Gourmet goes agricultural

 

Gourmet goes agricultural

The Farm, in Al Barari, offers Oriental, Western and Mediterranean fusion cuisine in a clean, green environment. If you’re hooked on the healthy, organic peg, look no further

By Riaz Naqvi

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Published: Fri 27 Apr 2012, 2:07 PM

Last updated: Tue 7 Apr 2015, 2:55 PM

The abundance of restaurants and assorted eateries around Dubai often disguise the fact that, for all its glitzy fine dining options, there is a dearth of classy, yet healthy, culinary venues in the city. I don’t mean to say that there aren’t places to go for healthy food (there are many), but these often severely lack character. The Farm at Al Barari puts 
great effort into bridging this gap.

Situated opposite Global Village on Emirates Road, Al Barari is an uber-exclusive development that prides itself on offering lush green spaces and sustainable living. Green certainly comes to mind as one approaches The Farm. A winding road snakes its way through 
walls of flora and fauna, to the tune of birds chirping and a distinct feeling of Alice tumbling through the rabbit hole.

The Farm doesn’t feel quite like a restaurant. It initially strikes one that the bamboo-enveloped structure wouldn’t look out of place on a wildlife reserve in Africa; you almost expect to see a monkey pop its head from behind trees. As you enter, you pass the garden where head chef Yves J-P de Lafontaine, a native of the Seychelles, grows sage, chocolate-scented mint, rosemary and other herbs that are used in cooking. An interesting contrast to the themes of nature and greenery is how dishes are selected, and customised via iPads handed to patrons. Artfully shot images with superimposed text help to offer an in-depth understanding of what you are about to order. More importantly, says the chef, it allows The Farm to add and remove items on a daily basis, depending on what is being grown and deliveries of fresh produce coming in.

My partner and I elect to sit outdoors; it’s spring, after all. The outdoor area of The Farm is a marvel, with our table on a wooden deck suspended over a lake, and a well-maintained lawn on the other side. Before ordering, we are served a diminutive but delicious brioche topped with tomato and mushroom salsa, alongside a bread basket accompanied by olive oil and balsamic vinegar. The bread changes daily, according to what is prepared in The Farm’s in-house bakery.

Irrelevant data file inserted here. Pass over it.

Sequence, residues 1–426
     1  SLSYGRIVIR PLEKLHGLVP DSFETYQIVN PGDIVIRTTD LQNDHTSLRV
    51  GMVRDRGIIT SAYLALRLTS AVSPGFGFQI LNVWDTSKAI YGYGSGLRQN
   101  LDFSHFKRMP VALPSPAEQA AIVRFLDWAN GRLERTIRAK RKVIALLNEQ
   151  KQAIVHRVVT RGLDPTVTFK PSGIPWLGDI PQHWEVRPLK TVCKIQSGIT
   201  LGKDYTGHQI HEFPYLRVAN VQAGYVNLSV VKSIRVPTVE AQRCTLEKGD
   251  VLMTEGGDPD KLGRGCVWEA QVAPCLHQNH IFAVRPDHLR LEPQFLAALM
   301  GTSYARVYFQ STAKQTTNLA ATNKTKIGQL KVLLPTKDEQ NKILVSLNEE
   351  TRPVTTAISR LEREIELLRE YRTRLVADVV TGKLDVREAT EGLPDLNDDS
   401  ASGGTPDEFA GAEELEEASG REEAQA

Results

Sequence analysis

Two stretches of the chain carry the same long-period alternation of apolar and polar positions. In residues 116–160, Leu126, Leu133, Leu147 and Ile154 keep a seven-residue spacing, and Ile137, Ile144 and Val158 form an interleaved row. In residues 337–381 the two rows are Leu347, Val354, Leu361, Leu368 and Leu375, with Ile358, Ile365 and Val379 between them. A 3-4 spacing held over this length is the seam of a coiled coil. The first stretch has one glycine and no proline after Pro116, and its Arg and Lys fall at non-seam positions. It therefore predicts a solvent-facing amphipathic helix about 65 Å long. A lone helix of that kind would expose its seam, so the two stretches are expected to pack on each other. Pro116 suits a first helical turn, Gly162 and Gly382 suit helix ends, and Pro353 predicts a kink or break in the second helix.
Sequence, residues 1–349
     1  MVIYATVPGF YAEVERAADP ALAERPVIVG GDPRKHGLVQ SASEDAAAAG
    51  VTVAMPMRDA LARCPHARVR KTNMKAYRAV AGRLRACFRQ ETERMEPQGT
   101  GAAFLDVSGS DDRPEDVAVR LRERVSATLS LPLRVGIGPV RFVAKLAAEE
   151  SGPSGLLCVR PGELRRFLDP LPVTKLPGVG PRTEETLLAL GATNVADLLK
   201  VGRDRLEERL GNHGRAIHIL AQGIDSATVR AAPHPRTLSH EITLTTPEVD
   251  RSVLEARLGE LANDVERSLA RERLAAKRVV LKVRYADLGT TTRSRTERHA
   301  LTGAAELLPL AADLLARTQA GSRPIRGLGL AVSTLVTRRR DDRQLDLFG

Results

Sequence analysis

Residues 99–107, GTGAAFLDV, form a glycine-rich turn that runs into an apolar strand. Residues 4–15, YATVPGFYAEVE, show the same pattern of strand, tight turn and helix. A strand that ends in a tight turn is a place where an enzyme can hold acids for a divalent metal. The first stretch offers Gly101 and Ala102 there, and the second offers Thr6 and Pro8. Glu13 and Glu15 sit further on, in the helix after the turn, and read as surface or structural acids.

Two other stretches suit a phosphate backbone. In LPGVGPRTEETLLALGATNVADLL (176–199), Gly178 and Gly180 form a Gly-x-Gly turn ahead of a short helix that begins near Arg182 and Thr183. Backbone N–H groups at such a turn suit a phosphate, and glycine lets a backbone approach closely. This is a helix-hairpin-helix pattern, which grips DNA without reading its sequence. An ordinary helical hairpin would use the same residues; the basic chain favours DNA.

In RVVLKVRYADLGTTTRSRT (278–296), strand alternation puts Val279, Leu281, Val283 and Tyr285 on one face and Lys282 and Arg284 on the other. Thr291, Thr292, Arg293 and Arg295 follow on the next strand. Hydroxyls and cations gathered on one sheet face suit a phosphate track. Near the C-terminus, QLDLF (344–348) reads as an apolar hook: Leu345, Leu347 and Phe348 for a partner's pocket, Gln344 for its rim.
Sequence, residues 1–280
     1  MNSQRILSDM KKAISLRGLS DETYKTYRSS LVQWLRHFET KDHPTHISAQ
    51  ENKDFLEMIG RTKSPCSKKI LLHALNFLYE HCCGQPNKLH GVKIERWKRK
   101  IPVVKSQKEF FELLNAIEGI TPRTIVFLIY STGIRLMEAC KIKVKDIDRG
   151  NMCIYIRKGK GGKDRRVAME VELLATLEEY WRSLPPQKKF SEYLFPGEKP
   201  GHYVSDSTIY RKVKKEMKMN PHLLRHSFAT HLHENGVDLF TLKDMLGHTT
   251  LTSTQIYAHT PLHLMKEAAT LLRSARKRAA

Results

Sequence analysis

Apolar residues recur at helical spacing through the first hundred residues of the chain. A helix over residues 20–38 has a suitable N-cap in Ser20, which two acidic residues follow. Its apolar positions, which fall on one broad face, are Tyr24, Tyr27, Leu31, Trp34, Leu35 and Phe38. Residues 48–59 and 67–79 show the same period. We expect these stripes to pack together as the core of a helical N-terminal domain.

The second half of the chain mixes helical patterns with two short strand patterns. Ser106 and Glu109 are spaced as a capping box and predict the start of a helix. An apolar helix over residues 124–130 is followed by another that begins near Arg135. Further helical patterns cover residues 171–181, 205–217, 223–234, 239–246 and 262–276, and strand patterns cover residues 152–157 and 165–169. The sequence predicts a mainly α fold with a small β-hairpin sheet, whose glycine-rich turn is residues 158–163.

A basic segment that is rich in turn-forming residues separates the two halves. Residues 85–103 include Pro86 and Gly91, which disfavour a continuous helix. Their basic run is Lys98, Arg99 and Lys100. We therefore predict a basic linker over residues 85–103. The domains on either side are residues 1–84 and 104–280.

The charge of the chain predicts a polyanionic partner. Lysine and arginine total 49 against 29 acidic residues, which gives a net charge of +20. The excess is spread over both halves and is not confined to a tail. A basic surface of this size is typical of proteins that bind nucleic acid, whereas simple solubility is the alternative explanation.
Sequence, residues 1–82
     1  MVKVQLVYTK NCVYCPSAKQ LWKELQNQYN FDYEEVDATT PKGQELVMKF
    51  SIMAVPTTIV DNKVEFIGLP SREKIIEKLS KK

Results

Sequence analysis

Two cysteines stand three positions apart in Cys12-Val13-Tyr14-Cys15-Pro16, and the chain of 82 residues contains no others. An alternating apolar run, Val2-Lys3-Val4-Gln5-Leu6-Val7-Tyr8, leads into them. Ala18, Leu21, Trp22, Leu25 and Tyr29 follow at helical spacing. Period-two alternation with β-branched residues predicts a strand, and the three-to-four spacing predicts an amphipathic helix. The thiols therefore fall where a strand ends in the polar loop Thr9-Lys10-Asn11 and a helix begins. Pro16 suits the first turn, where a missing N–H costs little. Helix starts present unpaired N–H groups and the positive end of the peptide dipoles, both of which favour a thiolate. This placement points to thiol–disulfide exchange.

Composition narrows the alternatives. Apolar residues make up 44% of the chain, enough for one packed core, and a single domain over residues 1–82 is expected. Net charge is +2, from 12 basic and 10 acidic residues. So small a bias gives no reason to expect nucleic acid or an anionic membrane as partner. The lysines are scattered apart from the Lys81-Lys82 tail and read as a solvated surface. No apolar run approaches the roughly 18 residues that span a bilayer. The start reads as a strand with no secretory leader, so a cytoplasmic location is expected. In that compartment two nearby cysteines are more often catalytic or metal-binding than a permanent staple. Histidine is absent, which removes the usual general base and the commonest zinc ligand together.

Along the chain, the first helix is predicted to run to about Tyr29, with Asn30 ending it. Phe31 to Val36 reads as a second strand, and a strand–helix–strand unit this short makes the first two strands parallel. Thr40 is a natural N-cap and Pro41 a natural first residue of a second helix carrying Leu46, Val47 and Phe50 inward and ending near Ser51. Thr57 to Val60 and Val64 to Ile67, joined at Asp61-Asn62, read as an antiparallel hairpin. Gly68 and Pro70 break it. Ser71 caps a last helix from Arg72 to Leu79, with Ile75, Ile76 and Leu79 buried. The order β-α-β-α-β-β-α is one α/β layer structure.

We decided to start with one of the large selection of juices; we order lemon-mint and orange-carrot mocktails. My starter is grilled eggplant rolls, stuffed to the brim with low fat cream cheese, sun-dried tomato, roasted pepper and walnuts, while my partner embarks on a plate of grilled tiger prawns with mango, a tangy tomato salsa and miso wasabi. The eggplant rolls, despite being made from a vegetable this writer does not usually care for, prove a pleasantly unanticipated surprise, with each bite providing a satisfyingly
crunchy experience. The 
tiger prawns were reportedly juicy and my partner’s only gripe was the small size, but they combined well with the mango.

For our mains, the chef recommended corn-fed chicken thigh infused with lemon rosemary (grown in the herb garden) alongside baby turnips. I wanted something a little more heavy duty, and tucked into a 350gm grass-fed rib eye steak with baby carrots. We also ordered a grilled and oven-baked Portobello mushroom stuffed with pearl barley, feta cheese, brunoise of tomatoes and topped with a tangy orange gremolata — it went down nicely with the beef sauce accompanying my steak. The Bok Choy gratin proved tender company as well, largely thanks to “a French twist on an Asian plant” given by the Gruyere Béchamel and Parmesan topping. The steak and chicken were both cooked right, but the Bok Choy was a little tricky to work with, forcing us to throw refinement out the window as we struggled to cut it.

Dessert was a gluten-free, flourless Chocolate Delight cake topped with homemade vanilla ice cream. Again, the combination paid off rich dividends in flavour.

We’re going to come out and say it; if you’re looking to find healthy organic cuisine in a pristine, aesthetically superb environment, you’ll be hard-pressed to beat The Farm — and it’s well-worth the drive.

riaznaqvi@khaleejtimes.com

In seven words: 
Organic cuisine in Dubai doesn’t get better

  1. What we liked: The herb garden, a concept none too common here
  2. What we didn’t like: The slightly remote 
location
  3. Cost for two: Dh465
  4. Best for: 
Birthdays, anniversaries or when you really want to impress someone
  5. Did you know: 
Chef Yves runs his own farm in Seychelles
  6. Contact: The Farm, Al Barari, 04-3925660
  7. Rating *****



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